As scientists grow more capable of analyzing events that zip by at ultrafast timeframes, they would love to investigate complex systems, such as how all the molecules in photosynthesis or the components in quantum computers interact. Now researchers have developed antennae only nanometers or billionths of a meter in size to shape and steer quasiparticles known as plasmons, report findings detailed in the Proceedings of the National Academy of Sciences. These antennae could help them investigate events at nanometer levels at ultrafast scales.
In addition to objects commonly thought of particles, such as protons, electrons and neutrons, scientists have conceived of a zoo of “quasiparticles” that can in some respects be regarded as particles. One such quasiparticle is the plasmon, which is an oscillation in the density of electric charges in a material, like a ripple in the surface of a pond is an oscillation in the density of water there.
Plasmons can oscillate at very high frequencies, giving them correspondingly small wavelengths. Tiny plasmons can exist within equally tiny objects, and if probed the right way, they can yield details about the nature of these microscopic hosts. If one could develop a way to control plasmons at ultrafast timescales, such as femtoseconds, or millionths of a billionth of a second, one could get a view and a handle on complex and perhaps disorderly systems with components only nanometers large, for many potential applications in biology, physics, chemistry, electronics, microscopy and diagnostics.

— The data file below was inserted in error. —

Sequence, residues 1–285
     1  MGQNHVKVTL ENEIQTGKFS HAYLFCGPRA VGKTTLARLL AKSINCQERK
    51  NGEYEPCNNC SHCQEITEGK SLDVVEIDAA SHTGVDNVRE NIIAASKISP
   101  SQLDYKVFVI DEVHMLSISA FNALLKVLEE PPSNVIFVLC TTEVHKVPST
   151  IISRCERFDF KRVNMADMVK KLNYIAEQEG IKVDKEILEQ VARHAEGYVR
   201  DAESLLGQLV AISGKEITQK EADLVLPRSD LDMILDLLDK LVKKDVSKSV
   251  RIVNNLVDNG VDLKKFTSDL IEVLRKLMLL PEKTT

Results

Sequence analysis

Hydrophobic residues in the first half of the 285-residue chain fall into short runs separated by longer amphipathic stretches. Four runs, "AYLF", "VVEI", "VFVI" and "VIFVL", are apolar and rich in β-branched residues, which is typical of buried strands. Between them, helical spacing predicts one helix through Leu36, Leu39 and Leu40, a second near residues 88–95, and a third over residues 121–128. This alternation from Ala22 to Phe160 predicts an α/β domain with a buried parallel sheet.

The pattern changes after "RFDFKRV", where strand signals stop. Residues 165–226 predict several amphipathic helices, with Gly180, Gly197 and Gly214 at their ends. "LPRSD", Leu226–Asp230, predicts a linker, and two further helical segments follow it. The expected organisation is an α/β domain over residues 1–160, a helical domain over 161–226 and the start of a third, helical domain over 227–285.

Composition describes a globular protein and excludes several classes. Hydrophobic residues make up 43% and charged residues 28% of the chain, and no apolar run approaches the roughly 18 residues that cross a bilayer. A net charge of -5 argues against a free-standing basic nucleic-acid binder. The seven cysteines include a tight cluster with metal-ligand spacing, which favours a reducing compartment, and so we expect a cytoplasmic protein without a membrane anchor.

For instance, ultrafast nanoplasmonics could help shed light on the behavior of many biomolecules on timeframes matching the ones they generally move in their natural environment, “such as cell membranes,” says researcher Daan Brinks, a physicist at the Institute of Photonic Sciences in Barcelona.
Despite advances with plasmonics, scientists have yet to control the response of plasmons on a nanometer level at femtosecond timescales at will. Now Brinks and his colleagues have discovered they could help enter this regime by coupling antennae only nanometers in size together to form plasmonic structures.
“The most surprising thing is that it worked at all,” Brinks says. “It was an open question for us whether we would be able to reach the required accuracy in fabrication and whether the scheme we devised would be robust enough to overcome the inevitable uncertainties imposed by the fabrication limits.”
The antennas in question — bars of gold 480 to 640 nanometers long — helped researchers shape the amplitude and phase responses of plasmons to excitations from ultrafast laser pulses, thereby guiding the dynamics of plasmons on specific times and spots. The researchers suggest nanoantennae could serve as a simple, reproducible and scalable approach to ultrafast plasmonics.
“It will be fun to see how far that can be pushed, using, for example, more crystalline particles, different materials,” Brinks says. Finding ways to actively change the properties of these structures on the fly is a possibility, he added.